While you can't stop your family from arguing, you can control how you deal with the situation. If you are the executor, be sure to set firm boundaries and stick to them, even if your family members are attempting to contact you often. If the inheritance wasn't established in the will, you can discuss hiring a non-familial mediator or take your case to probate court to help ensure that everything is as fair as possible.
Common Conflicts Over Material Possessions
Material possessions may hold sentimental value, as well as a dollar value to some. Some family members may focus more on sentimentality, while others may focus more on monetary gains. Common arguments over material items include:
- Who gets what: Family members may experience discord over who gets what item and why.
- When to begin sorting and/or selling: Because the grieving process is unique to everyone, some may feel comfortable sorting and selling items immediately, while others may construe this as callous or greedy.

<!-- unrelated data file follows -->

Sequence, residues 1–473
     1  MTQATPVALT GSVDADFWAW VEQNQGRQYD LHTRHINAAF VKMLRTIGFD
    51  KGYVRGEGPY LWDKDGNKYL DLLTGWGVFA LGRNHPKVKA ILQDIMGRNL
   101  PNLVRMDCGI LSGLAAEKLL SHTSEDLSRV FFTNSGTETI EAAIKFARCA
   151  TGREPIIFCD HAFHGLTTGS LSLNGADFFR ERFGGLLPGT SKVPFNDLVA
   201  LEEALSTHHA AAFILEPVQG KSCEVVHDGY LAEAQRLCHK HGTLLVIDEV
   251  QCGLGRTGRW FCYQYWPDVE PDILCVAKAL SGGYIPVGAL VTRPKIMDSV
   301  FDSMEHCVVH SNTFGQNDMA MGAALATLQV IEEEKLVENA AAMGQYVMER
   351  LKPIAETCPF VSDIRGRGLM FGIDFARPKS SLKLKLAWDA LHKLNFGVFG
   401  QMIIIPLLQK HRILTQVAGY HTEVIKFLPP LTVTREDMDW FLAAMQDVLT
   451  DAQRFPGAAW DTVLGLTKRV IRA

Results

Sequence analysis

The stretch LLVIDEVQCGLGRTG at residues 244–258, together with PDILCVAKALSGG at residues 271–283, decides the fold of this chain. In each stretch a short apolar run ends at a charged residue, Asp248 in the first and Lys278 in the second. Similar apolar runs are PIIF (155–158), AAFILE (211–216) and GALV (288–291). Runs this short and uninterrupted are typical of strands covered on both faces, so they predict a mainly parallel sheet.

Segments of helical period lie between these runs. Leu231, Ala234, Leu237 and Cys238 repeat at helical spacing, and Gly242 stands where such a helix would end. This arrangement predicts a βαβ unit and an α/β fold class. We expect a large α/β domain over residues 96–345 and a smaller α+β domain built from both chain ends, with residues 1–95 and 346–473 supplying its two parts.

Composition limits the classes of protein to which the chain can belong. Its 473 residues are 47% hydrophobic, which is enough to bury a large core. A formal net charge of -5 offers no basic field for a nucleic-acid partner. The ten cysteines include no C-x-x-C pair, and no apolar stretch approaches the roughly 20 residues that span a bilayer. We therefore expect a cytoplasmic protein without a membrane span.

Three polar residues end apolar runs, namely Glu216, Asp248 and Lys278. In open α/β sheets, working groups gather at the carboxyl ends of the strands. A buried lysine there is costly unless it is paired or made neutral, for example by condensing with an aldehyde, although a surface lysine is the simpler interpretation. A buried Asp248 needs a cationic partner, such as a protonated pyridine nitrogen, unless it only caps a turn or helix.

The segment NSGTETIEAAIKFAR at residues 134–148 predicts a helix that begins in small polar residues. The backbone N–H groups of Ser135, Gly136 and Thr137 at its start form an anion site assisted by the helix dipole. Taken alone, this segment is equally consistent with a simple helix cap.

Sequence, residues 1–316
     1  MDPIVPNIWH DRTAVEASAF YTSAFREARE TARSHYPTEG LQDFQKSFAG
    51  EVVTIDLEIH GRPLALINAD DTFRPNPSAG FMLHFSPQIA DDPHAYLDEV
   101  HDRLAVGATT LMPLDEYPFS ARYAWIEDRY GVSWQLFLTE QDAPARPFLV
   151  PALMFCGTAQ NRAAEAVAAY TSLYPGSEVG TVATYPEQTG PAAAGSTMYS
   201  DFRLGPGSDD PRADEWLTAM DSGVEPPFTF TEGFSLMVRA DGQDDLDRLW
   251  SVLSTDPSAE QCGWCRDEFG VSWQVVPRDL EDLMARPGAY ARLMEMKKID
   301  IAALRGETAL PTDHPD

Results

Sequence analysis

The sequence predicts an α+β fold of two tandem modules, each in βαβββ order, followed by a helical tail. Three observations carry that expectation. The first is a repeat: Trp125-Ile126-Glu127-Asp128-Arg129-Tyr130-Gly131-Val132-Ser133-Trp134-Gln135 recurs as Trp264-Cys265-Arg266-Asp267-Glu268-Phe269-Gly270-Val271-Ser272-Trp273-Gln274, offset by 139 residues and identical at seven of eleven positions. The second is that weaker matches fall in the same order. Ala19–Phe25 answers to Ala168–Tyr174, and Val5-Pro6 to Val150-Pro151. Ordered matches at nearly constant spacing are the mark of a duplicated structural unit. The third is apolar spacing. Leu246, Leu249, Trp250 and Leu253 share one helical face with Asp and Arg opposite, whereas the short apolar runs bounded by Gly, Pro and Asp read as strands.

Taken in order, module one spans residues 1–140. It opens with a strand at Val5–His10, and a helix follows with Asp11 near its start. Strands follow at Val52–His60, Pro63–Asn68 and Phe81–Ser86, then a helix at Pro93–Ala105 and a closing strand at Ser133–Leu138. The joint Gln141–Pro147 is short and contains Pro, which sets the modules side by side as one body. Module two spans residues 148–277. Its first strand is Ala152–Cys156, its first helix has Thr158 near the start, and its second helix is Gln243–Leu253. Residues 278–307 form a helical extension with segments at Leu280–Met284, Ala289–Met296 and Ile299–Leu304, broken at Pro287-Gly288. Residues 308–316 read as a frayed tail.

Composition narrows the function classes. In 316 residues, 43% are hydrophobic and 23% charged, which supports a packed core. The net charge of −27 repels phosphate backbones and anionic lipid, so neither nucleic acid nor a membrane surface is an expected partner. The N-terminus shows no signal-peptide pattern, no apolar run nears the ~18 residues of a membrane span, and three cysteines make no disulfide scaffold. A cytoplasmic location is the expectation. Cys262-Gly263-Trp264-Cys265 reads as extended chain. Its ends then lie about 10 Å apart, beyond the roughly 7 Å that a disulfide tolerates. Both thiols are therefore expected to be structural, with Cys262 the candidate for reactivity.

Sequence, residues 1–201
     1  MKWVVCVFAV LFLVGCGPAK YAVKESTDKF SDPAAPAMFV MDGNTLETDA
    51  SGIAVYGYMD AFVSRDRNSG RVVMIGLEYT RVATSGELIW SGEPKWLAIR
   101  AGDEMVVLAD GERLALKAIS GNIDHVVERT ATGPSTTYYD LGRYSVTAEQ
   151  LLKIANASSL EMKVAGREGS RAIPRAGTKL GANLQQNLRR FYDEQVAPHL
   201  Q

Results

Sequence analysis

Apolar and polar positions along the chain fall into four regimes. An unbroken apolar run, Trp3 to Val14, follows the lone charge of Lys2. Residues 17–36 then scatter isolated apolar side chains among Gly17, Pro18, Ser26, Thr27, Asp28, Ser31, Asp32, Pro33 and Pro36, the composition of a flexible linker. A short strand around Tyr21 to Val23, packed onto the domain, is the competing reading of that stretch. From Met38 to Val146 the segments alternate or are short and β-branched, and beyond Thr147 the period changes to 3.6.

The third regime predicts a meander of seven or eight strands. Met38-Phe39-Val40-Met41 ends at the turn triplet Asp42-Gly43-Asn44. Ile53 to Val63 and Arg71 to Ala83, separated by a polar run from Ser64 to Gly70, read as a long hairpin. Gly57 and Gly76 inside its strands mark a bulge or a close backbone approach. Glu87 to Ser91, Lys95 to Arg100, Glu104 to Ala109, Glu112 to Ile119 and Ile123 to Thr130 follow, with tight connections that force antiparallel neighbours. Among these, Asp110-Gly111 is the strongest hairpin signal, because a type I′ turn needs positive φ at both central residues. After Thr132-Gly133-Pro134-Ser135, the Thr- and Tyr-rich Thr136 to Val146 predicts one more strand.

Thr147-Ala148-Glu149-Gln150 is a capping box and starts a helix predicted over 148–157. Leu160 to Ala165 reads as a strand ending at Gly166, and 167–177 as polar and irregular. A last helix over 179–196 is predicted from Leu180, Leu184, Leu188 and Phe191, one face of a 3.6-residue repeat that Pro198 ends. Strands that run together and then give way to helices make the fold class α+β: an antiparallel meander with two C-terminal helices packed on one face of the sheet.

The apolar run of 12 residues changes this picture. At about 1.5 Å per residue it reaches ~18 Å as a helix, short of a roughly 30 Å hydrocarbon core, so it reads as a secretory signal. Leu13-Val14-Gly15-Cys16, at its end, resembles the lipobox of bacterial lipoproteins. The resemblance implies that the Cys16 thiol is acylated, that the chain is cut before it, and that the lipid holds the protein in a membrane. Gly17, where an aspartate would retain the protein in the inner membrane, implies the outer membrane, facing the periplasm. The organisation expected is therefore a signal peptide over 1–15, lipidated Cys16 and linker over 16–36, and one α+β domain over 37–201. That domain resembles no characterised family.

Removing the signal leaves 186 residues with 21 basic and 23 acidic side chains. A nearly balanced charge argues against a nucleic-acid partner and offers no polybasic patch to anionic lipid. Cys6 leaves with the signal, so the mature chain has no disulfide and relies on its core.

- What to give away: Family members will place a unique value on items depending on their experience with them, which can result in tiffs over what is acceptable to give away.
- If the house should be sold: Houses often hold a lot of sentimental as well as monetary value, thus fights over how the house should be dealt with can be especially painful for some.
How Does Grief Affect the Family Unit?
Grief can create unique bonds and rifts within a family unit. Those who were close may drift apart, and those who were estranged may decide to reconnect. The loss of someone also impacts the family's natural relationship dynamic, which can feel especially challenging to reconcile if the deceased individual was seen as the glue in the family.